Now to the iPod itself. When you connect your iPod to your Mac, iTunes should open up and in the left hand column immediately above playlists it says devices. You may have named yours something really original like 'My Shuffle'! Click highlight the name and then you will be presented with a series of folders. Keep with me on this one, Phil. I know you know all this but I want to cover the whole procedure. Click the Music folder. Now, below Audiobooks and purchased, you should have a copy of the Playlist panel on the left of your iTunes screen. The playlists you have created are the small light blue folders with the black note symbol on the cover.

 

Now back to the top of the Music folder. I suggest you tick the Sync music box and choose Selected playlists. Now to your question. If you tick the little square box to the left of a playlist you will see the Sync button bottom right of the Music folder change to Cancel and below Apply. Click Apply and that playlist will be placed on the shuttle. Conversely, un-tick a box, click Apply, and the contents of that playlist will be removed from your shuttle.

 

Remember, the songs are still in your playlist, just no longer on your shuttle. More importantly the songs will remain secure in your Library. You would have to overide a delete warning to accidently remove an archived song - and even then you may be OK if you have not yet emptied your trash.

 

Hope that helped.

 

Phil, do you happen to live near an Apple Store? If you do then ask the staff about 'One to One'. It's the best value product Apple sell. Some would argue it's the only value product Apple sell!!

 

 

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Guys, fantastic advice and I am sorted with the Shuffle, but now I have another problem with a Nano! My itunes songs are lossless and I want to import them as AAC or similar. The shuffle gives an option to do this, but can you do it automatically with a Nano?

 

Phil

 

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Chris (or anyone who can help),

 

Thanks for your very useful guidelines on audiophile settings for itunes. I used them for a while, but now I am importing as lossless to cut down on file size. Not sure I can distinguish a difference between lossless and AIFF.

 

The question I have now is on sample frequency/bit rate. I don't think lossless gives you any options to vary this, but AIFF does. If I am right, your standard CD is mastered at 16 bit, 44.1 KHz. I have read posts in UK from folks recommending importing in itunes at higher frequencies (48KHz) and changing output side to 48KHz/24 bit. Is there any point in this? Surely, if a CD is mastered at 16/44.1 you can't improve on that by changing settings in itunes - if it ain't there, you can't artificially create it? You can't get back what is not there?

 

Interested in your thoughts.

 

Phil

 

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Hey Phil - You should be answering the questions over on that other forum! You're exactly right that ripping a 16/44.1 cd at 48kHz will not create something from nothing. However, if some people like the sound more this way I am all for it. My goal is to reproduce the music as accurate as possible. So, I rip at the exact rate of the source material. If you rip a CD at a different resolution you don't give your costly DAC a chance to work with the unaltered sound. But again I stress if it sounds good to some people then it is good. Just not for me.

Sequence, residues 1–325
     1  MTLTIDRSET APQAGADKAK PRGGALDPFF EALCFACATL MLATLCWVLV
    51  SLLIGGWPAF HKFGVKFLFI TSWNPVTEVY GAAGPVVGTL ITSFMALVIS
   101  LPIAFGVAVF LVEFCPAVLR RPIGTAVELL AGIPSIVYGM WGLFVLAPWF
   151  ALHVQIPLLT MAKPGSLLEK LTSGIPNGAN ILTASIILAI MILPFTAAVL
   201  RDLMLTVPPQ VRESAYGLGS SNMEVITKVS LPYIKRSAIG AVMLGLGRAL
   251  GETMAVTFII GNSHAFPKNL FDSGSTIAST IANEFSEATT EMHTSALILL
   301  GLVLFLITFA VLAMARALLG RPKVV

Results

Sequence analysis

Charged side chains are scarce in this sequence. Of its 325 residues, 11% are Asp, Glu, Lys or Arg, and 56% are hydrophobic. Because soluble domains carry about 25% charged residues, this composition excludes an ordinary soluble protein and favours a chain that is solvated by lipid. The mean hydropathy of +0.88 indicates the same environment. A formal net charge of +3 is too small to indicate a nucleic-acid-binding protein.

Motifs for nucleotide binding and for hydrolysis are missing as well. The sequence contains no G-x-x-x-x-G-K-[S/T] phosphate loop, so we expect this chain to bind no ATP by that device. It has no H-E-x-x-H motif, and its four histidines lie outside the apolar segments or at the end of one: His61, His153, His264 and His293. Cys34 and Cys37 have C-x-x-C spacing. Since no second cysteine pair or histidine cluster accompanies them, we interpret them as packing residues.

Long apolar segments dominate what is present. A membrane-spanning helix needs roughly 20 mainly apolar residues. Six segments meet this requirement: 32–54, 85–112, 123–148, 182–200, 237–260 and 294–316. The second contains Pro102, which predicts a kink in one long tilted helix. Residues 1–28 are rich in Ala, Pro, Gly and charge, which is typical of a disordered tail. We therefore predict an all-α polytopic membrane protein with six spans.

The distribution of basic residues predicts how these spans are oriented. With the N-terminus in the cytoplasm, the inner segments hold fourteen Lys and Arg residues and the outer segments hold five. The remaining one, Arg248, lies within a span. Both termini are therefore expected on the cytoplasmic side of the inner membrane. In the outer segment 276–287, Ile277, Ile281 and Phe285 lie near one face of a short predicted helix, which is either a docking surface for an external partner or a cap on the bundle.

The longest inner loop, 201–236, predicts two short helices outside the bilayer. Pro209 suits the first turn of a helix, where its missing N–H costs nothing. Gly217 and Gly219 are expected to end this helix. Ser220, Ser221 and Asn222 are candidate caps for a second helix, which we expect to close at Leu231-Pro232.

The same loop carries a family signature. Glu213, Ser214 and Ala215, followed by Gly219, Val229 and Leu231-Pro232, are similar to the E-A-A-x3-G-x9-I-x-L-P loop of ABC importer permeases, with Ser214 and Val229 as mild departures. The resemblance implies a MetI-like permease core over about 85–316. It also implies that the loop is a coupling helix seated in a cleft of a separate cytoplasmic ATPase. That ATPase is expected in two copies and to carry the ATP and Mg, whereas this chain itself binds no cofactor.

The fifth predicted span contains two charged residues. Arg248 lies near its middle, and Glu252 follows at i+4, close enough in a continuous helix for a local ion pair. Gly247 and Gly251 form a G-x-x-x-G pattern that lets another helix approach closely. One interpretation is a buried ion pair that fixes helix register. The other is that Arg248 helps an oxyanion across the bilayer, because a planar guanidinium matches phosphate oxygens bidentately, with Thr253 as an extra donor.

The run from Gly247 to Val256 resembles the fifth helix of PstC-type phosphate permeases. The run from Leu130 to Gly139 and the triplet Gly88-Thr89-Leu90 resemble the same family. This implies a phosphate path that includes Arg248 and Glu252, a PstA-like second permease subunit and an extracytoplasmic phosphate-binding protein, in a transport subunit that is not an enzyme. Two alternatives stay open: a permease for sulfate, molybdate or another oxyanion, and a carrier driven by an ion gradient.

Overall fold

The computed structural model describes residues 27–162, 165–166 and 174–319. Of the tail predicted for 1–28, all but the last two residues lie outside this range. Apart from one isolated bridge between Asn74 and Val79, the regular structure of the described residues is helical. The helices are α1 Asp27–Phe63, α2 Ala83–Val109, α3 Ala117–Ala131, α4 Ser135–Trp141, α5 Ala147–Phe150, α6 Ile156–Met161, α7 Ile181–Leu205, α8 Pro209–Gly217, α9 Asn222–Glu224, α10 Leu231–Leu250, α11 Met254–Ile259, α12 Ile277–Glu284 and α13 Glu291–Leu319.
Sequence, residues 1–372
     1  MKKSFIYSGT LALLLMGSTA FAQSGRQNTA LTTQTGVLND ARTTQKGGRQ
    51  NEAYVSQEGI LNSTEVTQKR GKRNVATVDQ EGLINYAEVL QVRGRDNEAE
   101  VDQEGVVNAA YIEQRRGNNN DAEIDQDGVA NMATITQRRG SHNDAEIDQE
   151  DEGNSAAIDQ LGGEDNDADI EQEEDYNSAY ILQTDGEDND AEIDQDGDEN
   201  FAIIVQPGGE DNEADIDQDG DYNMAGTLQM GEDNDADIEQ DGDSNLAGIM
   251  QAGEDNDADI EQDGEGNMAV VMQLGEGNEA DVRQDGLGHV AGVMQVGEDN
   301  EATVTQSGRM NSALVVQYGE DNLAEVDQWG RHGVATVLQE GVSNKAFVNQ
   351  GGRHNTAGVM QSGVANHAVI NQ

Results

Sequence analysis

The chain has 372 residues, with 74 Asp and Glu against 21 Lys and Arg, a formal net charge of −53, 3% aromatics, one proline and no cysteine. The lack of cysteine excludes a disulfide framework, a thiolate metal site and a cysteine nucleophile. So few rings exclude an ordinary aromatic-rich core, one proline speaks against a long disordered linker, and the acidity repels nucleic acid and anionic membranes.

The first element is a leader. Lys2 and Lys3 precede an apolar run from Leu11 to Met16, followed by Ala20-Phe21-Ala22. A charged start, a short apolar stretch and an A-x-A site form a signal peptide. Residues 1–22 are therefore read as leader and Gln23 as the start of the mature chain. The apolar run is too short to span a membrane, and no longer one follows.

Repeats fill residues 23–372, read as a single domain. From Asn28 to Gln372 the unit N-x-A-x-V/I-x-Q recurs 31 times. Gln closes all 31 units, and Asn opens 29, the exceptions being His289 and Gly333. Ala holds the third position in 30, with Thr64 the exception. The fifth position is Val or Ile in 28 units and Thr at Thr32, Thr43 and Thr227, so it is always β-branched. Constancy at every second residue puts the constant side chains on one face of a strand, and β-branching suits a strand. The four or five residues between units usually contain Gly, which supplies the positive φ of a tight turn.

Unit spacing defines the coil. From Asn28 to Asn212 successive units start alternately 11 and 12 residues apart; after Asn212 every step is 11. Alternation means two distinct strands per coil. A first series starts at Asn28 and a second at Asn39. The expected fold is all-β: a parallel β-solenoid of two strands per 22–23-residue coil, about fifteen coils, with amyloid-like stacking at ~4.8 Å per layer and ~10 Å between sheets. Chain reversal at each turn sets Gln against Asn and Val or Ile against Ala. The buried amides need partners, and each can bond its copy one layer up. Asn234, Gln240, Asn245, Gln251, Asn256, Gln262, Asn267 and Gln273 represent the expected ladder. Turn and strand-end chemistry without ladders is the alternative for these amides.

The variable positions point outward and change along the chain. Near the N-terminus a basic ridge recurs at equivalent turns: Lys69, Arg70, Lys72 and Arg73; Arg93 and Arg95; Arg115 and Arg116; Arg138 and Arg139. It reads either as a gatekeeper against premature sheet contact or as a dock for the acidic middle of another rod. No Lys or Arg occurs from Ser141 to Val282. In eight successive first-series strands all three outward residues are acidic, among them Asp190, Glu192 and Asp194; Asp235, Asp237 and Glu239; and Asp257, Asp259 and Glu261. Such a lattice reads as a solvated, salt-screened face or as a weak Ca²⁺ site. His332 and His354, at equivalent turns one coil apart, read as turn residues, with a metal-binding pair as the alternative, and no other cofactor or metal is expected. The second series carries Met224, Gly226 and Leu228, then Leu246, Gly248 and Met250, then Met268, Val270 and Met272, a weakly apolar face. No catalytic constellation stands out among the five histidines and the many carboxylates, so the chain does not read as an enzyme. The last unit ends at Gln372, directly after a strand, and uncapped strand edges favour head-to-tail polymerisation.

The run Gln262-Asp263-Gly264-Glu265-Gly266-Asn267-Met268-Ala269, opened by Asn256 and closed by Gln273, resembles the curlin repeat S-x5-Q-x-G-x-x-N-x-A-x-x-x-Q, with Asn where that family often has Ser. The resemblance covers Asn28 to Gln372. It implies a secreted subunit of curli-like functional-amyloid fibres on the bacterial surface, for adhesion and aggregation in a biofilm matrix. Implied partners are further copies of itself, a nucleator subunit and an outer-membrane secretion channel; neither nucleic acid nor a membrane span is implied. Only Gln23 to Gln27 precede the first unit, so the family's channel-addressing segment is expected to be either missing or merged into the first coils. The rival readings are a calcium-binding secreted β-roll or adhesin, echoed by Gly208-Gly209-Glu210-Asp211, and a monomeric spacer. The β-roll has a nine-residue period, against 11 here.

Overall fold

I believe ripping to 48 kHz just adds a bunch of zeros to the file and they take up space without doing anything. Not 100% sure, but that is my understanding.

 

Founder of Audiophile Style

UPDATED: My Audio Systems -> https://audiophile.style/system

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"if it ain't there, you can't artificially create it" - I'm with you and Chris. If it made it better everyone would shoot for the max. It might even make it worse since it's not an even multiple of the 44.1, which I've read some info about. Kind of like elementary school math where you have a remainder left over.

 

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You might also make it better. Audio and video restoration frequently uses techniques to artificially create what isn't there or remove what shouldn't be there. This may range from laypersons who know how to take the red-eye out of pictures or remove pops and clicks from records to video and recording studios experts that often make the unreal seem very real. Your computer software or your DAC may be better at working with 16/44.1 files or some other bit and sampling rate.

 

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Thanks Guys, Pleased to know I am ripping at probably the most appropriate settings, but sounds like some experimentation may be worthwhile.

 

With some SACDs I have they go on about 24 bit mastering, etc, but I assume the CD is still 16 bit? Anyway, even if the CD was 24 bit and my DAC can also do this, I can see no itunes import option for higher than 16 bit.

 

Thanks again

 

Phil

 

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Yes, please do some experimenting, listen for yourself and get others to listen to your system. At a recent audio meeting I played the same album ripped in iTunes to 16/44.1 and ripped in Cog to 24/44.1. The attendees, though they are intrigued by computer audio, could care less about iTunes or Cog since it all falls short of vinyl. But everyone agreed that the Cog playback sounded better than the iTunes playback. However for me iTunes still provides excellent sound quality on the Mac and is a perfect match for Mac users based on ease of use, convenience, power and flexibility. iTunes does import files higher than 16 bits and I have played my Reference Recordings HRx WAV files at 24/176.4 in iTunes. If memory serves me correctly I once used the iTunes convert function to go from WAV to AIFF files so I could add some album artwork and that changed the bit and sampling rate to 16/176.4 until Chris made me aware of my error.

 

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The Redbook CD payer of an SACD is 16/44.1. Let's make sure we are talking with the same terminology here. iTunes can definitely import up to 24/192. It just can't convert or rip (import) at high resolutions. Importing the HRx 24/176.4 files works just fine and keeps the native resolution.

 

Founder of Audiophile Style

UPDATED: My Audio Systems -> https://audiophile.style/system

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Chris,

 

Thanks, but I have to admit I am now getting a bit confused! What I assume you are saying is that for any CD imported into itunes from a Mac, the max rate is 16 bit/48 KHz? But if you import from another source, it can handle higher rates? Not quite sure what 24/176.4 is?

 

Anyway, I think I am satisfied that by currently using the Apple lossless format I am ripping at 16/44.1 which is "CD quality". I have to say, it sounds fine to my ears.

 

Phil